If you’re in Provence and missing the café culture and sophistication of Paris, head straight to Aix-en-Provence, a little piece of heaven in the south of France.
The Romans discovered France for its thermal waters that still flow in the town today. In fact, Aix is often called the city of a thousand fountains and halfway down the main street, Cours Mirabeau, you’ll find a fountain dating from Roman times with hot water that flows from the ground at 34ºC.
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The wide tree-lined boulevard Cours Mirabeau, which follows the path of the old city wall, divides Aix neatly into two halves. To the north is the old town with its narrow winding streets of mansions dating from the 16th to 18th centuries; and to the south is the new town. This grand street is the heart of café culture the area and the place to have a meal in Aix is Deux Garcons. Dating from 1792 it’s one of the original cafes along Cours Mirabeau and was a favorite of Ernest Hemingway, Emile Zola and the painter Paul Cezanne.
Cezanne is one of Aix’s most famous sons and the nearby mountain, Sainte-Victoire, is featured in many of his paintings; you can walk there and climb it for lovely views. Cezanne’s studio on the outskirts of Aix is now a museum and Jas de Bouffan, the family estate where Cezanne painted for over four decades, is also open to the public but not every day so check before you go.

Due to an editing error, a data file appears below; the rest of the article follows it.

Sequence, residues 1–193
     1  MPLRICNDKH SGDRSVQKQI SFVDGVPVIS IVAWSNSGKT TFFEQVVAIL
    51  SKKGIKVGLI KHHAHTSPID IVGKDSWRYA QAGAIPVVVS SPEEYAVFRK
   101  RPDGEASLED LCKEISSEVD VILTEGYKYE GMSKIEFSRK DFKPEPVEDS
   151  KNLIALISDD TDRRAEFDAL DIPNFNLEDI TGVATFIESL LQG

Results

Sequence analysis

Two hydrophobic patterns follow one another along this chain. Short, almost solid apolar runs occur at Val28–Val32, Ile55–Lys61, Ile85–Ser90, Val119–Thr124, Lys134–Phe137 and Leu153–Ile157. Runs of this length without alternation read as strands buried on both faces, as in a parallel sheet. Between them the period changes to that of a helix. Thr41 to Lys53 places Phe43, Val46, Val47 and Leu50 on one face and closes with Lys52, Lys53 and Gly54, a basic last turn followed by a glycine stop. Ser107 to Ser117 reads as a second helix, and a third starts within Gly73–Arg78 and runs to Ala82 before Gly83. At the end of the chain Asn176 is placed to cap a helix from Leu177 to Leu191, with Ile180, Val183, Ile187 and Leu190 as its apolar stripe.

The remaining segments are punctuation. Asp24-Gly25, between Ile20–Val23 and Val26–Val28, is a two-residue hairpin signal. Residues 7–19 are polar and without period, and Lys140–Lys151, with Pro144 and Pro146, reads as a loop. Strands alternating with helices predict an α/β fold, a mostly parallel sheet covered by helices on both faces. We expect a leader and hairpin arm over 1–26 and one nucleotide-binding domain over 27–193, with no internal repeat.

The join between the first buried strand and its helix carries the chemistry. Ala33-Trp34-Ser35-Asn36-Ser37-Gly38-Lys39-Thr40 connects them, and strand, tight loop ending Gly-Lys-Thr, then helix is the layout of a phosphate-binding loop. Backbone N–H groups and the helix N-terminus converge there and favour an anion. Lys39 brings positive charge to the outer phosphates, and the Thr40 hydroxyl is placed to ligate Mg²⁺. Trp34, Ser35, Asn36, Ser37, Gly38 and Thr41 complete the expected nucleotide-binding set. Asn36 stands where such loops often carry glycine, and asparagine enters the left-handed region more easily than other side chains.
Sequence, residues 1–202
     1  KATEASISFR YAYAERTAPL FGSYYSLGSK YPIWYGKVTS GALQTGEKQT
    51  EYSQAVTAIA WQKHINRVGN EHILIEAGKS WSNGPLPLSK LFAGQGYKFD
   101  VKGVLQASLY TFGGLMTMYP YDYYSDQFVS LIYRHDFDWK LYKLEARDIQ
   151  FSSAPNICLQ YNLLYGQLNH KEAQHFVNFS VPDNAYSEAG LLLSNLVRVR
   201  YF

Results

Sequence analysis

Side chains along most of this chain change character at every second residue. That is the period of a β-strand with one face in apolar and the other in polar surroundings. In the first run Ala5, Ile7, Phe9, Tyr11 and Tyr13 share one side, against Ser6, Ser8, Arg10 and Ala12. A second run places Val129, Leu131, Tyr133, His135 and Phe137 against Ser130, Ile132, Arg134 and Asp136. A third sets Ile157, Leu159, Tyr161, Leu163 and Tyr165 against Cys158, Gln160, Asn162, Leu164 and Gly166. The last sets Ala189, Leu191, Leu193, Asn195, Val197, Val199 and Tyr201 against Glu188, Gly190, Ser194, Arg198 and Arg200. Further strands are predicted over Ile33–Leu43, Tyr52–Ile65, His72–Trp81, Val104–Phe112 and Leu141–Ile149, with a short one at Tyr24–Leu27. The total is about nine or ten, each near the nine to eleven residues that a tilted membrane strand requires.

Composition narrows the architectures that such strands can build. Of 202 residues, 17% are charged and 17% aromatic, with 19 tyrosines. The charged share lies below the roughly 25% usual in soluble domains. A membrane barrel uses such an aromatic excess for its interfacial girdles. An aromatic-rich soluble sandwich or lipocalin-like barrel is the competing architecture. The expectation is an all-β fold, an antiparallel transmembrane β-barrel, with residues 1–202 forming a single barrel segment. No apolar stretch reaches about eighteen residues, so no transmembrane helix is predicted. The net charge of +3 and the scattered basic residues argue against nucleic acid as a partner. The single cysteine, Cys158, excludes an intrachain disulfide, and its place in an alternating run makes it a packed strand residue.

Aix has some lovely architecture including the Cathedral of the Holy Saviour (Saint Sauveur) which is built on the old Roman forum and is a wonderful mixture of styles – go on Sunday at 4:30pm to hear the magnificent Gregorian chanting. Saint Jean de Malte is another church worth a visit, filled with paintings and dating from the 13th century. The 17th century Hotel de Ville (town hall) faces the Place de l’Hotel de Ville, a significant square with a 16th century clock tower and the 18th century Corn Exchange. The original Roman baths are nearby, the Aquae Sextiae or baths of Sextius. You can still bathe there following in the footsteps of Plutarch, Picasso and Winston Churchill.
Part of the lively café life of Aix undoubtedly comes from the large student population at the Universite de Provence Aix-Marseille. Many foreign students come here to study French.